Tuesday, July 12, 2016

Let's Get Technical: Post 5

It's hard to believe that our internships at MTC are halfway over. The summer has flown by. A month from now, we'll be gearing up for classes and returning to our graduate assistantships.

In many ways, this internship is a blip on our professional careers. However, I don't believe it's just the internship experience that will stick with us, I think it's the entire summer and everything that has happened within it.

As I have mentioned in past posts, at a community college, we serve students from all walks of life. For me, this knowledge intersects with everything that has happened this summer--the shooting in Orlando, the shootings that have sparked Black Lives Matter protests all over the country (including the protests in Columbia that blocked off our highways), the bombings, the growing refugee crisis, and how the upcoming presidential elections will potentially impact all of the students who walk through my door.



This morning, as I was serving my diverse body of students, I felt my heart clench in fear that one or more of these lovely, hardworking individuals with their entire lives and a beautiful future ahead of them may fall victim to the horrors we have seen in 2016 (and years prior). Of course, I worry about my friends, my family, and myself (as a queer person), but I had never felt such acute worry for individuals I had just met.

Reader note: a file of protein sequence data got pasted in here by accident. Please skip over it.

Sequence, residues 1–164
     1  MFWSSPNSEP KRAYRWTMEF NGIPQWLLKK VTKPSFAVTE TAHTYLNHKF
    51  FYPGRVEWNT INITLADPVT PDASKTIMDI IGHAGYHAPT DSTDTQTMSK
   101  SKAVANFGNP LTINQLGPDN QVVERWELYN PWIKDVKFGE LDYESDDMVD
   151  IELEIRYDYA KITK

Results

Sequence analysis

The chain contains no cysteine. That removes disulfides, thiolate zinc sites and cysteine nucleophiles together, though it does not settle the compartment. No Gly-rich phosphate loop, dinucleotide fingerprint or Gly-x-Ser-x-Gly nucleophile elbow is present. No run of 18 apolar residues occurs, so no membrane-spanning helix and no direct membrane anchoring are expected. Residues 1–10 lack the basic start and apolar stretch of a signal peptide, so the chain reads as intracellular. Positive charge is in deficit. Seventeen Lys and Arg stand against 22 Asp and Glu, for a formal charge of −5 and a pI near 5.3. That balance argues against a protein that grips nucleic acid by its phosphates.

I didn't just feel the heavy weight of my heart, which has become a constant with the state of the world.  I didn't have a passing fear that an acquaintance may be in danger. I had a gripping, paralyzing, heart-wrenching emotion pass through me. While I have stared into the earnest eyes of these incoming students, someone stupid and hateful may not take the time to do so.

We have a duty on college campuses to protect the people that come to us. We have an obligation as student affairs professionals to help make a positive difference in the world. As the doors at MTC rotate day after day, I feel that obligation's weight more and more.



Today, I urge my fellow student affairs professionals to stay a moment longer with your students. Help a little more. Check in with someone who seems sad. Make a bigger difference. You never know when that opportunity may be your last--for yourself or for them. You never know if you could change a life or save a life with your impact.

Be the impact.

Be the change.

Please.

Until next time. 


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